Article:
Survival fishing techniques bank lines

This guest series is by Zach of

Bank lines are a form of fishing similar to trot lines. For those that do not know about trot lines, they are a way to fish without being present watching the pole. Below is a diagram of what a bank line usually looks like.

pic of survival fishing line.To make a bank line, all you need is some heavy fishing line (I recommend 100+ lb. test), swivels, and hooks. You will also need two anchors, one on land and another for the water. The water anchor can be a rock or branch, make sure the anchor isn’t too small or too large—you will need to throw it out as far as you can in order for this setup to work well. There are many custom things that can be done to a trotline, but at bare minimum you only need line, knot-making skills, swivels, and hooks.

This article is my favorite for making a simple trotline. If you have the time and live in an area where fishing would be important in a survivalist situation, I suggest making an emergency trotline ahead of time. They take up very little space and weigh next to nothing, but can be a fair amount of labor upfront to get it correctly setup.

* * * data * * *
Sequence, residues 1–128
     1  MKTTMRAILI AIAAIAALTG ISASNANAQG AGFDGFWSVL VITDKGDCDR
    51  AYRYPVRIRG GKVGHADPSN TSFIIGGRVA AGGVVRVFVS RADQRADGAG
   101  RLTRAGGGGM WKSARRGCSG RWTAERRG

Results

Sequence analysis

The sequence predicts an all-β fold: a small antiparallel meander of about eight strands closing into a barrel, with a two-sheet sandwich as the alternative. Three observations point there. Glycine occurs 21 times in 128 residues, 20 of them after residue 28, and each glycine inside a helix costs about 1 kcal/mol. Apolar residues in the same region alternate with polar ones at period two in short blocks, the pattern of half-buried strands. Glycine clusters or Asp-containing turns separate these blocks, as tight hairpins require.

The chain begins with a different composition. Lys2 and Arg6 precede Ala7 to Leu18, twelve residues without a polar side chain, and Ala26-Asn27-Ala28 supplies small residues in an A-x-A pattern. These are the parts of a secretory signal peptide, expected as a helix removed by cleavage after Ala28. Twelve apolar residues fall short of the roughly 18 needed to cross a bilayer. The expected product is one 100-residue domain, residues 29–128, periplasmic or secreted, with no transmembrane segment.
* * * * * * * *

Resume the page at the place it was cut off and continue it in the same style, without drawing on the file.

You need to know about bank lines because they are efficient! People commonly drop off these fishing rigs in the morning and pick them up at night or the next day, thus you can be off getting other things done while the trotlines do the fishing for you. Keep in mind, however, that depending on the presentation, many trot lines and bank lines end up getting stolen by other anglers. This is why I suggest a bank line rather than a trot line—keep the rig low profile.

In the diagram above, the line is tied to a tree, but sometimes people will bury a PVC pipe in the mud and tie the line to the PVC pipe to make everything as hidden as possible. If you were to survive by yourself hiding the bank line isn’t too much of an issue, but if there was a survivalist situation where many people were looking for food to steal, hiding your bank line is a must. When checking/putting out your bank line make sure nobody is around to watch as well.